- The strengthening of the commitments of civil society and non-governmental bodies and the multi-partner initiatives of the Agenda of Solutions or Lima-Paris Action Agenda, in order to involve all stakeholders and begin concrete actions prior to the entry into force of the future agreement in 2020. At the opening of the session, before the state’s interventions, Hollande announced a minute of silence to commemorate the victims of the attack of the 13th November 2015. Many powerful head of states and governments had a speech pointing at the importance of this session.
“What is at stake with this climate conference is peace. The fight against terrorism and the fight against climate change are two major global challenges we must face, “said by the French President.
An emotional intervention was also made by Britain’s Prince Charles: “I urge you to consider the needs of the youngest generation, because none of us has the right to assume that for our today they should give up their tomorrow.”
“The challenge is to save ourselves, not someone else, but ourselves,” was said by the Micronesia President Peter M. Christian, but in my opinion quite a strong and maybe egocentric statement…as far as I am concerned the climate change will mostly affect our future generations…
To make the first day complete, videos, tweets and “family photo” of the representatives had to be taken.
Can you identify some of the leaders?? Even the Slovak Prime Minister was not missing.
During the weeks there were many speeches, many activities done by the representatives. People could follow them live on the official cop21 website. But at the end, finally, after having a pessimistic point of view (there has not been an agreement yet on the 11th of December), a final agreement has been made, on Saturday the 12th of December 2015, called the Paris Agreement.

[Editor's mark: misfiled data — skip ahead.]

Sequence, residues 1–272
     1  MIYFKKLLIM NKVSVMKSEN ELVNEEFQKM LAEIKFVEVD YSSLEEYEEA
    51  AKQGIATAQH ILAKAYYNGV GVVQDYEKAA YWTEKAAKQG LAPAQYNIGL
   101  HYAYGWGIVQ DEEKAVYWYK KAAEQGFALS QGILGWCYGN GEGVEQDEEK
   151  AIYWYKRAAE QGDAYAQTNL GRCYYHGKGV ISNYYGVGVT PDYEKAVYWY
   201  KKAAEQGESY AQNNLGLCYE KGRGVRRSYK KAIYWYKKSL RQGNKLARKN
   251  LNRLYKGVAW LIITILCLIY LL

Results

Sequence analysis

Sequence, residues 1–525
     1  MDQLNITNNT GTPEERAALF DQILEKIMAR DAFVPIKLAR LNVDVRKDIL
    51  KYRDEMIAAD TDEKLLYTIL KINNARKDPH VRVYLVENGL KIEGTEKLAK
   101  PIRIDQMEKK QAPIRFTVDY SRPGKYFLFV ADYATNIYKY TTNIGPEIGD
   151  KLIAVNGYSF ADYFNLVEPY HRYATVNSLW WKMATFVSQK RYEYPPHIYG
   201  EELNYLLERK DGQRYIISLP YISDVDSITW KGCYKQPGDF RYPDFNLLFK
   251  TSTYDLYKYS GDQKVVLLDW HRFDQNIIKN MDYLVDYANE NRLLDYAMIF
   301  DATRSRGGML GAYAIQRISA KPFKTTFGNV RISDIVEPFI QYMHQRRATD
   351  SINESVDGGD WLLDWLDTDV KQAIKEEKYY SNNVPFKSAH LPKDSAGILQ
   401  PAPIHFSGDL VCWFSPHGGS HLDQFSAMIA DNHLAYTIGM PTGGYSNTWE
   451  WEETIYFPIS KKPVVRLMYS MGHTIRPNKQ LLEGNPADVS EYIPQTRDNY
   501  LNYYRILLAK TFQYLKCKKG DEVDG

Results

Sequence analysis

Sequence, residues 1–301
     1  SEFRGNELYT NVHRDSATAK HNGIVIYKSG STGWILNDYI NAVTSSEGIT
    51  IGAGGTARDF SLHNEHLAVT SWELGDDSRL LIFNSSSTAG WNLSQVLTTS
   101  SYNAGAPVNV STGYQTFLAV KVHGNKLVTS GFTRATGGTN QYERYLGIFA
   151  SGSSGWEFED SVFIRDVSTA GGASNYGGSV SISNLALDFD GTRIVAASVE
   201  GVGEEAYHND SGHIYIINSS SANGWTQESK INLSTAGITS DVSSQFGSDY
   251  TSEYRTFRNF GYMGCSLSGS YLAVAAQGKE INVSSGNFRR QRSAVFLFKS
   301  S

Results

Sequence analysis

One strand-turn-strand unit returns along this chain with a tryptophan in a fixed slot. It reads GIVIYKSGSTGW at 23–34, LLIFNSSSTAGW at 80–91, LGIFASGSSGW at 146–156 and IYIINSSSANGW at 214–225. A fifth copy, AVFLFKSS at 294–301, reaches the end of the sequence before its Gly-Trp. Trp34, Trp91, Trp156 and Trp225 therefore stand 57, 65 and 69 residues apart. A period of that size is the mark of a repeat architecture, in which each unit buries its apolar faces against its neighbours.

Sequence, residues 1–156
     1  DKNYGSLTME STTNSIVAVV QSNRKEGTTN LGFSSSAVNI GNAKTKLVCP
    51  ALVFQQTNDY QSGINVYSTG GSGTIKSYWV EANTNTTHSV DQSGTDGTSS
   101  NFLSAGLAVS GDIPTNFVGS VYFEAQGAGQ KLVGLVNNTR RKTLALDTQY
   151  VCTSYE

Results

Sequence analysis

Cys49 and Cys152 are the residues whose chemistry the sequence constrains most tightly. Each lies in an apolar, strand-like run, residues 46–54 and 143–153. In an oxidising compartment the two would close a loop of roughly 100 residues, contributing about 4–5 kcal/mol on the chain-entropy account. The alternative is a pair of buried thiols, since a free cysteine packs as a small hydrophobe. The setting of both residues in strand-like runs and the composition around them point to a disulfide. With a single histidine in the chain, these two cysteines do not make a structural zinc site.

The link below gives you the possibility to take a look at the Paris Agreement, which is possible in the 6 UN languages.
Many claimed that the Agreement was not too perfect but this did not prevent them from marching historical steps forward.
“Looking out to the room I see that the reaction is positive, I see no objections. The Paris agreement is adopted,” declared Laurent Fabius strucking the gavel to signal the adoption of the deal.
Here are some key points included in the Agreement:
- To peak greenhouse gas emissions as soon as possible and achieve a balance between sources and sinks of greenhouse gases in the second half of this century;
- To keep global temperature increase “well below” 2°C (3.6F);
- The Agreement even establishes, for the first time, that we should be aiming for 1.5°C, to protect island states, which are the most threatened by the rise in sea levels.
- To review progress every five years from 2020;
- $100 billion a year in climate finance for developing countries by 2020, with a commitment to further finance in the future.